History of the Calendar

Barbara J. Feldman

The Gregorian calendar we use today was created in the 1580’s by Pope Gregory XIII. Start your new year here, and discover the history of the calendar’s development.

  • Britannica.com: Clockworks5 stars

    What is time? Albert Einstein explained that time as we know is an invention when he said "Space and time are modes by which we think, not conditions under which we live." Clockworks explores our notions of time, starting with a history of calendars and timekeeping. This is an excellent site for middle and high-school students, sprinkled with dozens of apt quotes from the likes of Einstein, Ben Franklin, William Shakespeare and Tennessee Williams.

  • Calendars through the Ages5 stars

    My pick of the day is the beautifully illustrated Calendars through the Ages. Organized into chapters with a horizontal menu at the top, and subdivided into topics with a vertical menu on the left, Calendars through the Ages begins with an in-depth look at the astronomical basis of calendars. Significant historical calendars (such as the Roman and Mayan) and currently used international calendars (Jewish, Chinese, and Islamic) are covered in Various Calendars.

  • Calendopaedia5 stars

    "Since the dawn of civilization man has kept track of time by use of the sun, the moon, and the stars. Man noticed that time could be broken up into units of the day (the time taken for the earth to rotate once on its axis), the month (the time taken for the moon to orbit the earth) and the year (the time taken for the earth to orbit the sun)." But since a month is not a whole number of days, nor a year a whole number of months or day, the task is not simple. "The ways in which these problems were tackled down the centuries and across the world is the subject of this Web site."

  • A Walk Through Time5 stars

    "In the 1840's a Greenwich standard time for all of England, Scotland, and Wales was established, replacing several 'local time' systems. The Royal Greenwich Observatory was the focal point for this development because it had played such a key role in marine navigation based upon accurate timekeeping. Greenwich Mean Time (GMT) subsequently evolved as the official time reference for the world and served that purpose until 1972." This fabulous site, produced by the National Institute of Standards and Technology, presents both the history of timekeeping and a peek at its current state. If you want to coordinate your Windows-based computer clock to the NIST clock, you can download a program to do so over the Internet (look under NIST Time Calibration).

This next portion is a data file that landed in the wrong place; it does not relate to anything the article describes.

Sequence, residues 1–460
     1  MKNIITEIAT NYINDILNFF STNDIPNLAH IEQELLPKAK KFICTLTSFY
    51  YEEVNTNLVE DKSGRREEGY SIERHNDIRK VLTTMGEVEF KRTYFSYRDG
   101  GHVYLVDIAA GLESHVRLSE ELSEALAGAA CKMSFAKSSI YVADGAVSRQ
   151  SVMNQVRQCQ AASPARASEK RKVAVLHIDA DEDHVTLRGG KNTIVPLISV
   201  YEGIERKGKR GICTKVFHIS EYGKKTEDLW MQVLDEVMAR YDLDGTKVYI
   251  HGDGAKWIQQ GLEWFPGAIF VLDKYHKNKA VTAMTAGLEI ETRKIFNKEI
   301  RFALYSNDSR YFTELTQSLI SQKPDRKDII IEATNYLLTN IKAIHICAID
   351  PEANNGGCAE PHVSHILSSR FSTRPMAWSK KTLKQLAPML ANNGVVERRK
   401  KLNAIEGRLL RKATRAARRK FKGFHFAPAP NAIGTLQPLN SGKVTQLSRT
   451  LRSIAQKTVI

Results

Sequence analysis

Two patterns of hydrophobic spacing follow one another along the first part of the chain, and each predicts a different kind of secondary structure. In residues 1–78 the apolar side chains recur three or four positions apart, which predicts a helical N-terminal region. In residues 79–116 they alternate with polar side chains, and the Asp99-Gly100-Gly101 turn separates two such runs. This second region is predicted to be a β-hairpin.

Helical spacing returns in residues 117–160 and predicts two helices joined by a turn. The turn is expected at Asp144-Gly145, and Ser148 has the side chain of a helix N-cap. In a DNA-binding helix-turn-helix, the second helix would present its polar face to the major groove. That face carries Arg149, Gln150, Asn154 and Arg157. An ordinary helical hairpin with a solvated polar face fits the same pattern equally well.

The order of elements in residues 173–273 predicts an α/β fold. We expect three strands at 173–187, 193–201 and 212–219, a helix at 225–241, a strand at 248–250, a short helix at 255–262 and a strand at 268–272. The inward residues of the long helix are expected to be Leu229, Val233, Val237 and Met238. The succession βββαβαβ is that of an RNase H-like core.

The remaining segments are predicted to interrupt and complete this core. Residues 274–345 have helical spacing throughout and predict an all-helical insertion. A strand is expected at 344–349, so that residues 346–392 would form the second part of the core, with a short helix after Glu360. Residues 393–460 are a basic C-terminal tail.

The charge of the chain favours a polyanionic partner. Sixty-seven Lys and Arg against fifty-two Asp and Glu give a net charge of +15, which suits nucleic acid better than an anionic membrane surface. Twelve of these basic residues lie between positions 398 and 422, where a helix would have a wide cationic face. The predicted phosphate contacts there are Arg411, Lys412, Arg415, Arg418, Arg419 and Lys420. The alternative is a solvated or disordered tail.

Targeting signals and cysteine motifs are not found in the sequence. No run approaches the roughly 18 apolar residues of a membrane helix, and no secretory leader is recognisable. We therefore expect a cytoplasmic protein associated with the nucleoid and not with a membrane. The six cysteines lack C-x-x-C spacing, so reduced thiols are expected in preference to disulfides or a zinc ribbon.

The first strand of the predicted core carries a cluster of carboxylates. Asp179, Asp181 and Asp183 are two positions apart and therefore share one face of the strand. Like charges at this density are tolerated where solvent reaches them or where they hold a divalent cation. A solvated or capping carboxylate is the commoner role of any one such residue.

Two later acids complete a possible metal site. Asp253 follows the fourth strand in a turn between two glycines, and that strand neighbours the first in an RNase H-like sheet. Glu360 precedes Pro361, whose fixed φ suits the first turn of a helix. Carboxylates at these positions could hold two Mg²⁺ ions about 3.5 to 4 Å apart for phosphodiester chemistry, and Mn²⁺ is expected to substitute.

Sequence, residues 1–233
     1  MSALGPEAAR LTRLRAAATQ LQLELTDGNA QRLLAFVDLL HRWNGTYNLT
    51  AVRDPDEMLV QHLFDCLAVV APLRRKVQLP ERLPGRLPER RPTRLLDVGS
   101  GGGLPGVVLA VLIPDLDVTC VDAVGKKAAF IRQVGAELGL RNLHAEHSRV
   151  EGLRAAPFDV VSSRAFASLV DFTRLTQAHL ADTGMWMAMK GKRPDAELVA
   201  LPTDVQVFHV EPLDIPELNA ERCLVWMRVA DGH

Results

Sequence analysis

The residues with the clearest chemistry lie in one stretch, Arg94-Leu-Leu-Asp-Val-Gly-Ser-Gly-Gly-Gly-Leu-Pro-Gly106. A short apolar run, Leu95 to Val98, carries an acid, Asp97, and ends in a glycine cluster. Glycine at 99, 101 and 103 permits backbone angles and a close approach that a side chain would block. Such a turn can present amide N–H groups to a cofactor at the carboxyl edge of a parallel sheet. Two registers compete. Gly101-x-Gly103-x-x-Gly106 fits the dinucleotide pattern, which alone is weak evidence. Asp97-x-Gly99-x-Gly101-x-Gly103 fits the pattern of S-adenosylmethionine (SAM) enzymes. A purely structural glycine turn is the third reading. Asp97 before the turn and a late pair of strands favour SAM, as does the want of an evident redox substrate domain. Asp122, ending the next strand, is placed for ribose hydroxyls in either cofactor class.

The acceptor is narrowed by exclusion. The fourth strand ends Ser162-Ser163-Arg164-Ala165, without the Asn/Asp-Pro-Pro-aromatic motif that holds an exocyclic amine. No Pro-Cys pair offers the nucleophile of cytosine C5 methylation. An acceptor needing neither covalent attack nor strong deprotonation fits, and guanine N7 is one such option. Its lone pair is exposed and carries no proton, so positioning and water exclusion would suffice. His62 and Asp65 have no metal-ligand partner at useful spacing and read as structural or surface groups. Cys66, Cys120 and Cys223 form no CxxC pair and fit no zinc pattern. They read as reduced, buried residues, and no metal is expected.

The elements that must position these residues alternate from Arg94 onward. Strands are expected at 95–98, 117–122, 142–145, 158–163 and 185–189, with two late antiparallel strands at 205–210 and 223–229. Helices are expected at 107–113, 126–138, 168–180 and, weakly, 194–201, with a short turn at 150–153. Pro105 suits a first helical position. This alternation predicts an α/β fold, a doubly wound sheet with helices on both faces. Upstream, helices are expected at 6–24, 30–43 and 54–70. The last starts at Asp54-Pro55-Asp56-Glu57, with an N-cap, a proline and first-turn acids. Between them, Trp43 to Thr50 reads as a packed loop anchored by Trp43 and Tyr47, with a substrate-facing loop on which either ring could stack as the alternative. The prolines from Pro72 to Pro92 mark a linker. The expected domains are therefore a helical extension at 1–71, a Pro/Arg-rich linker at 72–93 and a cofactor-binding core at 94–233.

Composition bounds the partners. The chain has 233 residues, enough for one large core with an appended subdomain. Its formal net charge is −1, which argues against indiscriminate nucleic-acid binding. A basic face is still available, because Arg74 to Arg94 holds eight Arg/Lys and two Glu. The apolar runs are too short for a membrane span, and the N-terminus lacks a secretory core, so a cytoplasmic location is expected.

• World Book: Counting the Days4 stars

    World Book editors have created a site for elementary and middle-school students that answers basic questions about the invention of the calendar. What I found most fascinating was the brief discussion of two proposed calendars that would simplify our timekeeping. The fixed (or thirteen month) calendar inserts the month of Sol after June. Each month is exactly four weeks long and an extra day (called a year day) is added at the end of the year. The second option is the world calendar which has twelve months of thirty or thirty-one days, and also has a year day at the end.

  • Honorable Mentions

    The following links are either new discoveries or sites that didn't make it into my newspaper column because of space constraints. Enjoy!

    Cite This Page

  • Feldman, Barbara. "History of the Calendar." Surfnetkids. Feldman Publishing. 9 Jan. 2002. Web. 9 Oct. 2014. <http://www.surfnetkids.com/resources/calendar/ >.

  • About This Page

  • By . Originally published January 9, 2002. Last modified July 10, 2014.

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